- The Washington Times - Saturday, December 27, 2008

GAZA CITY, Gaza Strip | A crude rocket fired by Palestinian militants fell short of its target in Israel Friday, striking a house in the northern Gaza Strip and killing two schoolgirls.

The attack came as Israel sent mixed signals over its response to continuing Palestinian rocket fire. Israeli defense officials say politicians have approved a large-scale incursion into the territory once rainy conditions clear. But at the same time, Israel opened the border Friday to allow deliveries of humanitarian aid.

None of Gaza’s militant factions claimed responsibility for the attack on the house in Beit Lahiya. Gaza Health Ministry official Dr. Moiaya Hassanain said the two victims, ages 5 and 12, were cousins. Three other children were wounded, he said.

The girls were the first Palestinian civilians inadvertently killed by militants since their truce with Israel began collapsing six weeks ago. Family members and medics said they were killed by rocket fire.

Israel’s crossings with Gaza, which is home to 1.4 million Palestinians, have been tightly restricted by Israel since Islamic Hamas militants seized control of the coastal strip in June 2007. Only the barest essentials have been allowed in since a June 19 truce with Gaza gunmen began unraveling six weeks ago.

On Thursday, however, Israel’s Defense Ministry said it would open its cargo crossings into Gaza to avoid a humanitarian crisis. Defense Minister Ehud Barak said the decision followed consultations with defense officials and calls from the international community, suggesting Israel might be open to international pressure to resume the truce.

A total of 106 trucks carried medicine, fuel, cooking gas and other vital goods into Gaza, including a small donation from Egypt, the military said.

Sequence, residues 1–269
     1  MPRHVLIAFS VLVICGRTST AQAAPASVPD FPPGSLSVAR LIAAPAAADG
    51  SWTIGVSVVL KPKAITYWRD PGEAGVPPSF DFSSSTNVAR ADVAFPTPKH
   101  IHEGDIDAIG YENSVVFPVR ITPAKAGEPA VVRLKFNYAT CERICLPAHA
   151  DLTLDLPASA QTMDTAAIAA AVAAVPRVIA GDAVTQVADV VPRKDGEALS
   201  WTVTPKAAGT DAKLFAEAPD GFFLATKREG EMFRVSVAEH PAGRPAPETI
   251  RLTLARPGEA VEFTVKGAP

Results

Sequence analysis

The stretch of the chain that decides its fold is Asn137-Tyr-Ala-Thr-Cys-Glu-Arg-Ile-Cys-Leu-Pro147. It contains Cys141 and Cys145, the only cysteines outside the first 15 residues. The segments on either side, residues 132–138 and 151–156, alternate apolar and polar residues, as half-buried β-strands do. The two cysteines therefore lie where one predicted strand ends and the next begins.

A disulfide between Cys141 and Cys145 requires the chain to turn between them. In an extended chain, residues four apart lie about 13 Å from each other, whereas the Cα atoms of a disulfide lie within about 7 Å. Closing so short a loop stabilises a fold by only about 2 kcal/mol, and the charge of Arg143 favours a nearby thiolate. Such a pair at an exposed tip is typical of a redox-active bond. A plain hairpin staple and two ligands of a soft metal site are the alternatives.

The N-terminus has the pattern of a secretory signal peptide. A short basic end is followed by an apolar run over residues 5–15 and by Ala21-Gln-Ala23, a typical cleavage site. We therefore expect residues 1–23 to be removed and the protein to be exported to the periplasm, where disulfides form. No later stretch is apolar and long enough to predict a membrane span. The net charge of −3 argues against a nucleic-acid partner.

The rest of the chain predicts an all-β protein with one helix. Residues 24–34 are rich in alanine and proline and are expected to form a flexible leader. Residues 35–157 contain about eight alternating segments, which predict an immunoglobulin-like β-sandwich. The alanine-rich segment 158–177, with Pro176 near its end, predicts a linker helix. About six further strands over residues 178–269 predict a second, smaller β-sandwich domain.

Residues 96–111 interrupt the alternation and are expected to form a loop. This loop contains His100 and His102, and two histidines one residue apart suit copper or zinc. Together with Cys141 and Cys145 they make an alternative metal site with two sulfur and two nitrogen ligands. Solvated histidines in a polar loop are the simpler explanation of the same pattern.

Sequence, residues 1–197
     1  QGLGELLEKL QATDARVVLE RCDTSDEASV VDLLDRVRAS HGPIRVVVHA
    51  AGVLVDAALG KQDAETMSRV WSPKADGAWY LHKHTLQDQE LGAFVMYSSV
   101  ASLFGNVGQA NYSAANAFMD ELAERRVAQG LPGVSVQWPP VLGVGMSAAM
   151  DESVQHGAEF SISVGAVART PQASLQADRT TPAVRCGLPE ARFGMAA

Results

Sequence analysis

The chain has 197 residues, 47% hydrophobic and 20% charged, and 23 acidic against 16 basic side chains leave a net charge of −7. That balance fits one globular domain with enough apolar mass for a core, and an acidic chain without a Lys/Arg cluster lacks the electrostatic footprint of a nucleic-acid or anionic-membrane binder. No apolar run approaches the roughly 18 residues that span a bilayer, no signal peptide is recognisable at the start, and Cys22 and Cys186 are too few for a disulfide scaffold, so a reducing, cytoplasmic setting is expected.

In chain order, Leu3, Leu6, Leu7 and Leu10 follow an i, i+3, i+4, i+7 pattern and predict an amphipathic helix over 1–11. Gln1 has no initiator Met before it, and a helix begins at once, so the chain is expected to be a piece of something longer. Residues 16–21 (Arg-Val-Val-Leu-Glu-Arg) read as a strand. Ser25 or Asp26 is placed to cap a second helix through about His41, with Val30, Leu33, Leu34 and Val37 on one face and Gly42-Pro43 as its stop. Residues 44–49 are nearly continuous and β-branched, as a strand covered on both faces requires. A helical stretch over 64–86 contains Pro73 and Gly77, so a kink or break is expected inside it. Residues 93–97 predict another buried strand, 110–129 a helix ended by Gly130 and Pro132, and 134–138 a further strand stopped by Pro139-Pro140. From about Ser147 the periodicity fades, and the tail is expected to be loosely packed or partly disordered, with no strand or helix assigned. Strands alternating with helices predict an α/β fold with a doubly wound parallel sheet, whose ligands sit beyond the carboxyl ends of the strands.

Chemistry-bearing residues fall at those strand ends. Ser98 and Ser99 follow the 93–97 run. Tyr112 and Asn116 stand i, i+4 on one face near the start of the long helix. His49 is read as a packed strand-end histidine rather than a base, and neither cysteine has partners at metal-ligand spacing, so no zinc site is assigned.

Cabinet Minister Binyamin Ben-Eliezer said the humanitarian shipment was meant to be a message to the people of Gaza that they were not Israel’s enemy.

“We are sending them a message that the Hamas leadership has turned them into a punching bag for everyone,” he told Israel Radio. “It is a leadership that has turned school yards into rocket-launching pads. This a leadership that does not care that the blood of its people will run in the streets.”

As with similar cases involving unintended civilian casualties in the past, however, there were no immediate signs of backlash against the militants after the girls’ death.

The militants kept up their fire on Israeli border areas despite Israel’s agreement to open the crossings. More than a dozen rockets and mortars were fired toward Israel by Friday evening, the Israeli military said. One home was struck, but no injuries were reported.

Israel left Gaza in 2005 after a 38-year occupation and has been reluctant to press ahead with a campaign likely to exact heavy casualties on both sides. Past incursions have not halted the rocket barrages.

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